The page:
station eleven emily st john mandelWoven through this narrative of a residual humanity—that one would assume would be focused on survival rather than going about brazenly proclaiming “Because survival is insufficient”—is the portrait of lives before the fall. The fulcrum of these lives is an aging actor, Arthur Leander, who dies of a heart-attack in the very first pages of the book. The crossing over of these lives—their interconnectedness—and the way Arthur Leander himself is at the center of all these connections is one of my favorite parts about this book. (And for the record, I guessed correctly—the very first time I might add—the identity of the prophet).

The moving in and out of the pre-fall world and the post-fall world made reading Station Eleven a dreamlike experience. The act of looking at the current world through Mandel’s post apocalyptic lens, and the immediacy of this post apocalyptic world—just 20 years from an unknown current date—lent a poignancy to the story which wasn’t necessarily sad but was more akin to suddenly finding yourself becoming a spectator in your own life, and feeling like you’ve become a sort of voyeur even though you once knew everything intimately.

You walk into a room and flip a switch and the room fills with light. You leave your garbage in bags on the curb, and a truck comes and transports it to some invisible place. When you’re in danger, you call for the police. Hot water pours from faucets. Lift a receiver or press a button on a telephone, and you can speak to anyone. All of the information in the world is on the Internet, and the Internet is all around you, drifting through the air like pollen on a summer breeze. There is money, slips of paper that can be traded for anything: houses, boats, perfect teeth.

I don’t think I got attached to any specific character in the story but the writing and the wanting-to-know-how-it-all-comes-together was compelling enough to keep me reading.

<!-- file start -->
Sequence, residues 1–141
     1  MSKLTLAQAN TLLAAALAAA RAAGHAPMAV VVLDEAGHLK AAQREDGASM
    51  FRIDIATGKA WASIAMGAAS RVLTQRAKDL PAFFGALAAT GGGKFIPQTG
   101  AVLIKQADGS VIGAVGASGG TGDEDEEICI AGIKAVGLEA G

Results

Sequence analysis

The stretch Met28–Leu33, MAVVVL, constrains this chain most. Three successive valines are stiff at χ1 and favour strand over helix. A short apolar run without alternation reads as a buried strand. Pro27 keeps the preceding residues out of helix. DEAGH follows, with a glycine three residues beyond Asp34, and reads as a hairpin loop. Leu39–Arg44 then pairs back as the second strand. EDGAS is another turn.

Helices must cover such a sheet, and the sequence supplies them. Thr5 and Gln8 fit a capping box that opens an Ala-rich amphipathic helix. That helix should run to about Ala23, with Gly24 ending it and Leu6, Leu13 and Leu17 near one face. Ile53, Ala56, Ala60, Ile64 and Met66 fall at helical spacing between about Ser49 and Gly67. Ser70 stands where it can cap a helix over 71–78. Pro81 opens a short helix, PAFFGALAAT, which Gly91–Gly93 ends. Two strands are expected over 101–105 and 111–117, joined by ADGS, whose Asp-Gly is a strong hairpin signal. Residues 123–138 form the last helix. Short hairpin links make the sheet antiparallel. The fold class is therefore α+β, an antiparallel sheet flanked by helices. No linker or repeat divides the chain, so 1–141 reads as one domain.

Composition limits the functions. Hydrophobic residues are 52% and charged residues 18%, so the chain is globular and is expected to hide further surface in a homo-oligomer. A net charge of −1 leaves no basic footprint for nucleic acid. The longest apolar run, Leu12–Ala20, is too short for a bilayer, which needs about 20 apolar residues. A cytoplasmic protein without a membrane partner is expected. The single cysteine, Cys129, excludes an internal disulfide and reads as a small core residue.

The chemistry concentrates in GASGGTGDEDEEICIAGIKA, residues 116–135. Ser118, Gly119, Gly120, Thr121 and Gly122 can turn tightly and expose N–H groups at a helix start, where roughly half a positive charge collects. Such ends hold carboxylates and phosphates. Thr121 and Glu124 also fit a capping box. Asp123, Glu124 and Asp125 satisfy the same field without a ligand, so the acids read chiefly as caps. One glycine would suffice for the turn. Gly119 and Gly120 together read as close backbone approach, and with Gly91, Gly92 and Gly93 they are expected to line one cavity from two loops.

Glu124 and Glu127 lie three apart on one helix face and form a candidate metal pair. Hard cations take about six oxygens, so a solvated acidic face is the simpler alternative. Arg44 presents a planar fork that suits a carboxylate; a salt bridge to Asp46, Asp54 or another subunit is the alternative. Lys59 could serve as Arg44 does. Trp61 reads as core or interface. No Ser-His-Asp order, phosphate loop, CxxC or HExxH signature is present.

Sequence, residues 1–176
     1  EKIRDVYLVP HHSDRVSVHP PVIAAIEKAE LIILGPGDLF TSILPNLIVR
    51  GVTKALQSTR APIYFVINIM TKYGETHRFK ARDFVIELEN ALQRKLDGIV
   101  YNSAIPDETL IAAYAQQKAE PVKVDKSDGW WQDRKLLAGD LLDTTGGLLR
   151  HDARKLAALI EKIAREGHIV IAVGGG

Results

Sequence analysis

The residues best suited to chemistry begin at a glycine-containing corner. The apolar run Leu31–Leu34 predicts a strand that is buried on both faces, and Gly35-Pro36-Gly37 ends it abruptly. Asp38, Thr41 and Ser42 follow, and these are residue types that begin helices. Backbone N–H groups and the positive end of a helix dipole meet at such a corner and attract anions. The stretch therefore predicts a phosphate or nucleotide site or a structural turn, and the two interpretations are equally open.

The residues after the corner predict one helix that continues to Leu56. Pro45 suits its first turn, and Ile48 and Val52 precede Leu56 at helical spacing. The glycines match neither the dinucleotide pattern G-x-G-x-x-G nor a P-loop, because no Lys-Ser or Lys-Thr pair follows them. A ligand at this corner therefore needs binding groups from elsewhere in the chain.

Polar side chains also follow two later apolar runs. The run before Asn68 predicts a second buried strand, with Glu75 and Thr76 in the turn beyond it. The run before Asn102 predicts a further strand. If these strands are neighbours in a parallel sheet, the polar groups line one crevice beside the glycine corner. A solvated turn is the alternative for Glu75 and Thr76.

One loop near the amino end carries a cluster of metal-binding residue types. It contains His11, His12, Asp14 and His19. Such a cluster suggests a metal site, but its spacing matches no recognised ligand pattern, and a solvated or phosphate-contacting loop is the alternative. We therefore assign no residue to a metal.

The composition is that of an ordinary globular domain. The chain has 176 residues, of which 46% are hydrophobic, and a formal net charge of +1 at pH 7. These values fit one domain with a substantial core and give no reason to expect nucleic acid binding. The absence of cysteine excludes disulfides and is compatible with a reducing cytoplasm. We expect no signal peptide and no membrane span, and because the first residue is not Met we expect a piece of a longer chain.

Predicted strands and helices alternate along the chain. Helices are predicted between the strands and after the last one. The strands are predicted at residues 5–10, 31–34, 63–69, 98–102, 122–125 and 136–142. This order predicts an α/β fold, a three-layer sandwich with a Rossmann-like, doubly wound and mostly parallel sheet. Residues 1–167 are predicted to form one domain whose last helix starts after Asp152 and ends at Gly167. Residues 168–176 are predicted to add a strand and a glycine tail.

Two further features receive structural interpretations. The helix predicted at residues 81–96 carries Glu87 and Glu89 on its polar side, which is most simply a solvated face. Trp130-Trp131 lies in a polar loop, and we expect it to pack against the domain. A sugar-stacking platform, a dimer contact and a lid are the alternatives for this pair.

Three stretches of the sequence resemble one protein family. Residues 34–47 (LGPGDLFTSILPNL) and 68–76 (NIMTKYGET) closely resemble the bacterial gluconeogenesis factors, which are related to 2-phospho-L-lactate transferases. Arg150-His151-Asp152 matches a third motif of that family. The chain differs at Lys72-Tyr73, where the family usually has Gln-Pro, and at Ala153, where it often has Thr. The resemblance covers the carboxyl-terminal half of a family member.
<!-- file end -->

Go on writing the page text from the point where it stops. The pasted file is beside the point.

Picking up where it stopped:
[The following section might be slightly spoiler-y so just wanted to insert this here]

One last aspect that I want to mention was the way that the prophet’s character was portrayed towards the end. It would have been very easy to cast him as a raving lunatic who should be destroyed at all costs. That Mandel gives him a very understated backstory, and that the words “We long only to go home . . . We dream of sunlight, we dream of walking on earth” are central to the scene, and that these words come from the “Station Eleven” comic made me like Station Eleven a little bit more.

End of could-be spoilery-y section

I’ll end with another bit that spoke to me:

Toronto was falling silent. Every morning the quiet was deeper, the perpetual hum of the city fading away.

. . .

On silent afternoons in his brother’s apartment, Jeevan found himself thinking about how human the city is, how human everything is. We bemoaned the impersonality of the modern world, but that was a lie, it seemed to him; it had never been impersonal at all. There had always been a massive delicate infrastructure of people, all of them working unnoticed around, and when people stop going to work, the entire operation grinds to a halt. No one delivers fuel to the gas stations or the airports. Cars are stranded. Airplanes cannot fly. Trucks remain at their points of origin. Food never reaches the cities; grocery stores close. Businesses are locked and then looted. No one comes to work at the power plants or the substations, no one removes fallen trees from electrical lines.